Most of the concerns in personal defense are mental. If your everyday gear is a tactical vest and eight magazines then your agency is most likely providing good training. There is little I can add to that. If it is all a game then get involved in IPSC and shoot against some of the best marksmen in the world. Personal defense is another discipline. Many shooters attend tactical courses, even carbine courses, and may do well but they do not really understand the application of skill. It is good to be all you can be but another to understand which skills are applicable to your likely scenario. If you are serious concerning personal defense you will learn and practice the applicable skills. An observation I have made often among shooters is that many simply cannot recognize quality gear. They come to glass with junk ammo and cheap plastic holsters. I have had to move shooters from the line because their floppy fabric holster demanded both hands to return the handgun to the holster! The handgun should be a quality piece, not necessarily expensive. The Glock 19 or the CZ P01 are good examples of very reliable but affordable handguns. They are not too small or too large. They are just right. The holster should be rigid and supported by a quality gun belt. Carry ammunition isn’t difficult. Hornady Critical Defense is affordable and reliable and offers good wound ballistics. You need a couple of speed loaders for the revolver and at least three magazines for the handgun. You probably won’t need a reload but best to err on the side of caution and carry a spare gunload. High round count battles occur when the police are chasing armed felons. If the threat retreats don’t chase him or the situation becomes mutual combat.
The National Rifle Association has stated many times that the presence of a firearm deters crime more often than it needed to be fired. Many battles are over before they begin when the attacker realizes you are armed. The first thought is to get the handgun into action but it is also important to move off the X and get out of the line of fire. Felons motivated by profit don’t wish to be shot. But then some threats are psychopaths bent on causing human pain and suffering or even death. They may be formidable both physically and mentally and they may have been shot or stabbed before. All attackers may not be shaky junkies and you must be prepared to deal with the threat. If no shots are fired you are ahead of the game. The real goal is to escape unharmed without being shot stabbed or assaulted. That is winning the fight. Presenting the firearm quickly from concealed carry and getting a fast and accurate hit is what counts. The most important shot is the first one.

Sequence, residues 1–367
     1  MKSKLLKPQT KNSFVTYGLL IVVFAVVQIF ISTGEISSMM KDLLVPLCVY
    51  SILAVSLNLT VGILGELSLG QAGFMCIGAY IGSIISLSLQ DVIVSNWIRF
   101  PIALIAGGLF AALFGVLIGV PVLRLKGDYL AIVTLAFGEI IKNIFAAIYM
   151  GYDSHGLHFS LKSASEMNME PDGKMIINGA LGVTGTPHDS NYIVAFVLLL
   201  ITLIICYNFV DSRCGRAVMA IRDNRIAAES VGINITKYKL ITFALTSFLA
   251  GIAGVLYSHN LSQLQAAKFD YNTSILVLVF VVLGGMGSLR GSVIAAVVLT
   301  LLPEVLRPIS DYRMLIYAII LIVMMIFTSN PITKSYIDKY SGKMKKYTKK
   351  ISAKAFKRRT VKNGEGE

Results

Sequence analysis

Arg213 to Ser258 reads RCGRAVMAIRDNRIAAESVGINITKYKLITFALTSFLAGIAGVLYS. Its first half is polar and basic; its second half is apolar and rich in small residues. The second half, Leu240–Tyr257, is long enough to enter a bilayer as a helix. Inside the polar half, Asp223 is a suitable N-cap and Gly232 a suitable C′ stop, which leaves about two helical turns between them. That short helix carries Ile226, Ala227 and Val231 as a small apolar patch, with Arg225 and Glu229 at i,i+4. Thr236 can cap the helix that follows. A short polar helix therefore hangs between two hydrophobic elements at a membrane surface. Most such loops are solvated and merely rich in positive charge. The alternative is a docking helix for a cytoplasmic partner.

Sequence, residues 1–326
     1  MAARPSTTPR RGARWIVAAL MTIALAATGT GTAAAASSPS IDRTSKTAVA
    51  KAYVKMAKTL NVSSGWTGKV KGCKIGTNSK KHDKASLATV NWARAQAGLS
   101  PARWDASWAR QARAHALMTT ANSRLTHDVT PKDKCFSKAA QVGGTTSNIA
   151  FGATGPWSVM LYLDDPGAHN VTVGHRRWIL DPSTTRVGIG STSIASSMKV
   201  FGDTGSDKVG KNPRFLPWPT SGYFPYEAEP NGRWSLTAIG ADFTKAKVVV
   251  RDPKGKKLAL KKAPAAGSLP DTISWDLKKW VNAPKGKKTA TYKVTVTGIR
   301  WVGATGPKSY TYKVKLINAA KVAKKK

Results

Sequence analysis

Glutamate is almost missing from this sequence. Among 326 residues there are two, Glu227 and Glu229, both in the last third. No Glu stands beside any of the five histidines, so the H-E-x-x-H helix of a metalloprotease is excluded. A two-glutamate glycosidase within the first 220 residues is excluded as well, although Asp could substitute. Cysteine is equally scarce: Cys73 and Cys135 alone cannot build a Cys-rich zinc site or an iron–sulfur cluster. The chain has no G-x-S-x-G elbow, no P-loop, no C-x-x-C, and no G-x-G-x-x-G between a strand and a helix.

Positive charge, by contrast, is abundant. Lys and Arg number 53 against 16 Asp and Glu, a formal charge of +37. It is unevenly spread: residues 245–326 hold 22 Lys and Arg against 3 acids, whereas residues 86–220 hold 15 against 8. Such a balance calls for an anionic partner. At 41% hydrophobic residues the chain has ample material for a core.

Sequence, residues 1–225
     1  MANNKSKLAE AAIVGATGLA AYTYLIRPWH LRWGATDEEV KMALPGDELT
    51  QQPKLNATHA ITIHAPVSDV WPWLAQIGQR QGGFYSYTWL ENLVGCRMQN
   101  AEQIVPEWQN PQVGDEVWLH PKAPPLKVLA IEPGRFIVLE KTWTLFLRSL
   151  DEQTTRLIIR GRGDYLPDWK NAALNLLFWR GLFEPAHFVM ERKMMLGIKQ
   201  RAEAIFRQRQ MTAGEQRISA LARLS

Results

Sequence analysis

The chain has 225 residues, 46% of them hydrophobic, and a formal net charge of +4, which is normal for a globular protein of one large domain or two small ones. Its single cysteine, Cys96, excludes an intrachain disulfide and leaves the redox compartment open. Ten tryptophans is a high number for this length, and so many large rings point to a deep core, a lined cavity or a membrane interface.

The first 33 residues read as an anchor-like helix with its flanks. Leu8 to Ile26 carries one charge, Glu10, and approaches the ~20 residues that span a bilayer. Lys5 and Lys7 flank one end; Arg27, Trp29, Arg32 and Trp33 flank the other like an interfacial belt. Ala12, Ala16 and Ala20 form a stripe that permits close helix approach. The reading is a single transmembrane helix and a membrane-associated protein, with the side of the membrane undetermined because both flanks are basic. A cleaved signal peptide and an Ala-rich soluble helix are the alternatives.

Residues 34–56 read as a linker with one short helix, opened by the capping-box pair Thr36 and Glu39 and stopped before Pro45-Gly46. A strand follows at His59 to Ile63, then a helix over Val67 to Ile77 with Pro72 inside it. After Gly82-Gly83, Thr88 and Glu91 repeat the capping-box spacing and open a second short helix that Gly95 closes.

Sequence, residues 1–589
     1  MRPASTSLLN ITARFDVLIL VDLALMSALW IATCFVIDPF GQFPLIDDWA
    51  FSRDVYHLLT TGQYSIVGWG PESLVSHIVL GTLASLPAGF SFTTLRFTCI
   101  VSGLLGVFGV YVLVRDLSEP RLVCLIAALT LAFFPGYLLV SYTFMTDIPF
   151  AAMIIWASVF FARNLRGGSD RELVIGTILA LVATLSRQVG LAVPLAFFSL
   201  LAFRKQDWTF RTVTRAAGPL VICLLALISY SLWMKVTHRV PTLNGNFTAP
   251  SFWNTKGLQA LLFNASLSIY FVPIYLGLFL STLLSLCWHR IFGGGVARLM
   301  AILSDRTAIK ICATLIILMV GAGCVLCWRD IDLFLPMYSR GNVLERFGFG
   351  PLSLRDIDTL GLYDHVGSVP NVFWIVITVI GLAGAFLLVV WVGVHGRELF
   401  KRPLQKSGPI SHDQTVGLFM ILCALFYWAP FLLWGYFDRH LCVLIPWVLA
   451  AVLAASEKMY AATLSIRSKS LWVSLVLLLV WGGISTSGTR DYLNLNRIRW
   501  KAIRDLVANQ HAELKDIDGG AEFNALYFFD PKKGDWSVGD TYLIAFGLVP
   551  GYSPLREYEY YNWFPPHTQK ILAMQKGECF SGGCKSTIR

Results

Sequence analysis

In a home defense situation you may have a shotgun at the ready for quickly access. You may have a handgun or a rifle. The goal is much the same with a shift in focus to convincing the intruder to leave and break off any conflict. If there are children or other family in the house we have different concerns and will engage room clearing or a search. You must quickly insure the family’s safety. This means moving carefully, taking cover, and making certain you have identified the threat. There are worse things than getting shot and shooting the wrong person is one of these. This is simply common sense. Have illumination handy. The final consideration comes when the situation demands you fire. While a double tap is acceptable, a volley of fire or hosing down the target isn’t. Only accurate fire is effective. You fire to the center of mass of the exposed target. You fire to stop. What the adversary is doing must be so terrible it must not matter morally or legally if they die as a result of being shot — but we never shoot to kill. We shoot to stop.
You are preparing a strong defense against attack. There is nothing wrong with going on the initiative and clearing the house and being proactive in training but never lose sight of the ultimate goal. That is to survive without firing a shot. And if you do fire, that you survive within the law. Concentrate on marksmanship. This doesn’t mean getting a group centered on target but getting a hit quickly and following with other hits. A group of fifty shots with the occasional shot outside the scoring rings isn’t ideal. The important shots are those that that you are firing now, and which hit the target. Fire accurately and if the shot doesn’t take effect fire again. Practice moving. Drawing the handgun and moving may conflict but the balance may be found in practice. Draw as you move off target. Train hard and practice relentlessly. Be aware that you may need your handgun to protect yourself and your family. Be certain that you are willing to use the handgun. The use of the firearm must be justified morally and legally. This is a very narrow range of circumstances.